Politics and protest

Politik und Protest, 68er-Bewegung, Max Scheler

Politics and Protests

The generation conflict between the student movement and the conservatism of the Adenauer era and its descendants led to tensions due to the rapid process of social and cultural change, among other things due to a lack of engagement with the Nazi past. Around eight million Germans born between 1940 and 1950 belong to this rebellious generation, and if they took an active part in the protests, they are now considered "68er" or "Alt-68er".

The tensions first erupted during the Schwabing riots in 1962 as harbingers of the student riots. The extra-parliamentary opposition (APO) emerged under the leadership of the Socialist German Student Union (SDS). The shooting of student Benno Ohnesorg on 2 June 1967 during a demonstration against the visit of the Shah of Persia to Berlin and the assassination of student leader Rudi Dutschke triggered increasingly violent protests, including against the Springer group. The conflict was further ignited by the emergency laws. The initially peaceful protest movement - "Unter den Talaren – Muff von 1000 Jahren" - turned into a radical student revolt that swept through almost all university towns.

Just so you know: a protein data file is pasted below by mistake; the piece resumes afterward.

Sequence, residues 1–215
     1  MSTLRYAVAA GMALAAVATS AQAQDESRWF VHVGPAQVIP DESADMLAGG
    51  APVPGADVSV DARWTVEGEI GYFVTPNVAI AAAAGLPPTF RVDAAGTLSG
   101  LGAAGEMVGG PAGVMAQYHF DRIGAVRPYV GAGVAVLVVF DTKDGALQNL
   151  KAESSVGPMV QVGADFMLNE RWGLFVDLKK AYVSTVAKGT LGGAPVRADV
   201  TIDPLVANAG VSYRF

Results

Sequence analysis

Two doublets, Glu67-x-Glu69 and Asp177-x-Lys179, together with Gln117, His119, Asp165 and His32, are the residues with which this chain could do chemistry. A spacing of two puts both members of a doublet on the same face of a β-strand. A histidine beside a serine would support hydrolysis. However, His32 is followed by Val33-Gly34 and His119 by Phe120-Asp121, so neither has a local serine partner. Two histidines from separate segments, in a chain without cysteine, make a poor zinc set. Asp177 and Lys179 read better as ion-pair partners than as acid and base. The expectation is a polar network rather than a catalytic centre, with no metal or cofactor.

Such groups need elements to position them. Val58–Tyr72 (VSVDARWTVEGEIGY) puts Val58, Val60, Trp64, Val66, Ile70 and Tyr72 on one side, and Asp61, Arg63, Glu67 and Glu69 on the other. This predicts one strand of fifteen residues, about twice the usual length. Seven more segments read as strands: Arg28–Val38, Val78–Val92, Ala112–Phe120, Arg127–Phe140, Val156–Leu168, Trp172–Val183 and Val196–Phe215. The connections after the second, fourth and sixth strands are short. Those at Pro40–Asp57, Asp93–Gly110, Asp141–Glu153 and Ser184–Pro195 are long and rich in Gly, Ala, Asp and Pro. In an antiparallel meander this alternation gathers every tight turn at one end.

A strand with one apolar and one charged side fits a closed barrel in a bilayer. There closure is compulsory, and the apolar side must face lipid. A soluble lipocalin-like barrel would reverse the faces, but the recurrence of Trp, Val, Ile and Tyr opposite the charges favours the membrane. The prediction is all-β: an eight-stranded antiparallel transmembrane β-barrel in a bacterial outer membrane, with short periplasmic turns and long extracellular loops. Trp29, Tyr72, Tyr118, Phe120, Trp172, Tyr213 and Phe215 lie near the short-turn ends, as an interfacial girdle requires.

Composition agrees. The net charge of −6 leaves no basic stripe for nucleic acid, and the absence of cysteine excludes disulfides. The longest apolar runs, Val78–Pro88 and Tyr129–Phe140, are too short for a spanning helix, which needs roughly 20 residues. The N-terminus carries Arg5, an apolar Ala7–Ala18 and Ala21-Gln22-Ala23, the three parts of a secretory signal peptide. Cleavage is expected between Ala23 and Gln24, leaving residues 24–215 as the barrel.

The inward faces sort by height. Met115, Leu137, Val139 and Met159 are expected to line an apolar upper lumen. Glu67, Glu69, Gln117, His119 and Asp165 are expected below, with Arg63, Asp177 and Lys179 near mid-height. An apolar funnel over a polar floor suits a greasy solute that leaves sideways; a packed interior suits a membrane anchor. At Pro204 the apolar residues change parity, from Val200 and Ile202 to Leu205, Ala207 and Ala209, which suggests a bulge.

The effects of the student protests on the political culture and legal policy of the Federal Republic of Germany concerned a reorganization of criminal law, as well as sexual criminal law and jurisdiction in crimes against public safety and order.

With the election of the social-liberal coalition, the desire for change already manifested itself in 1969 in federal politics. The 68ers also paved the way for later protest movements such as the environmental movement or the anti-nuclear movement. But the spirit of resistance was sometimes misguided: The Red Army Faction (RAF) was formed from militant members of the student movement and spread terror and terror in the Federal Republic of Germany in the German autumn of 1977.